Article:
Therefore someone running a ship will be an employee, or paying off a debt, or in some other situation where the important thing isn't "How much did it all cost?" and "how much does it all weigh to the nearest kilogram" but "how much am I spending / making right now?"
Therefore there is really no need for me to include complicated spaceship design rules for the Weinbaum thing.
What I'm thinking of, instead, is a range of modular components (e.g. "Engine compartment with three engines", "Six-tank fuel module", "Cargo bay 25 tons", "Crew compartment for 2/5/10 crew", "passenger compartment (luxurt)", "Wings" etc., each acting as some sort of performance and costs multiplier. E.g. Wings give your ship the ability to glide to a landing in atmosphere - you can't land on a world with an atmosphere without them - but they add to running costs and reduce acceleration. Fuel tanks add to range but you have to have a full load of tanks or the whole ship is unbalanced, and they cost money and reduce acceleration. More engines add to acceleration but put up the costs big-time. And so forth.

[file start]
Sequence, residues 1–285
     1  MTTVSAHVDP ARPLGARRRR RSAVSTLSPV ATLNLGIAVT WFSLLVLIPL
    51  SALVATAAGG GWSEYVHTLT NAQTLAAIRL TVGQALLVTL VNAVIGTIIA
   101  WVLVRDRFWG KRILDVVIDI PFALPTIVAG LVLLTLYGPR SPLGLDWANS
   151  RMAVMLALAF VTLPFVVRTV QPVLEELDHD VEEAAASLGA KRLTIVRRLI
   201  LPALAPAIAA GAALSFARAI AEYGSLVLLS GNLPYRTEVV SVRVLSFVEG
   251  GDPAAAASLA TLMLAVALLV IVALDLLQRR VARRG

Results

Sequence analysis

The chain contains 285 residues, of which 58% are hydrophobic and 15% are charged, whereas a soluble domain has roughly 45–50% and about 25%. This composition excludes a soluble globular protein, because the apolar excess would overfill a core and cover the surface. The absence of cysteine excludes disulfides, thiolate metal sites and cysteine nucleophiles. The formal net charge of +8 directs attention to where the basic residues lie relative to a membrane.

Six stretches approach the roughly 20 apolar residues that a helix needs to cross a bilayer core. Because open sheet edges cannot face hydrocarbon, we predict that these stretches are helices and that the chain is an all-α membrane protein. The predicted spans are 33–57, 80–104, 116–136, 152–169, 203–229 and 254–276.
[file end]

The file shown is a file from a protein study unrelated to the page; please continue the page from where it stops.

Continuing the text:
So you start off with a basic running cost of say $100 a month (why not?), look at all your components, and multiply the modifiers together to give a final running cost and performance. If you actually want to know the original cost of everything, multiply the final running cost by 1000.
The idea I have here is to have all of these components in printable deck plan form, with the cutouts fitting together mostly end to end but also on the sides. E.g. there will be basic engine pods similar to the picture I posted yesterday with one, two, or three engines, a fuel tank pod with separate tanks (and possibly an option to add external drop tanks or something, wings, etc. etc.
I'd also have small playing-card sized versions with the values for referees (or players) to use to design ships.
Now, this is such an obvious idea that I have to wonder if there's already an RPG or card game that uses it. Anyone know?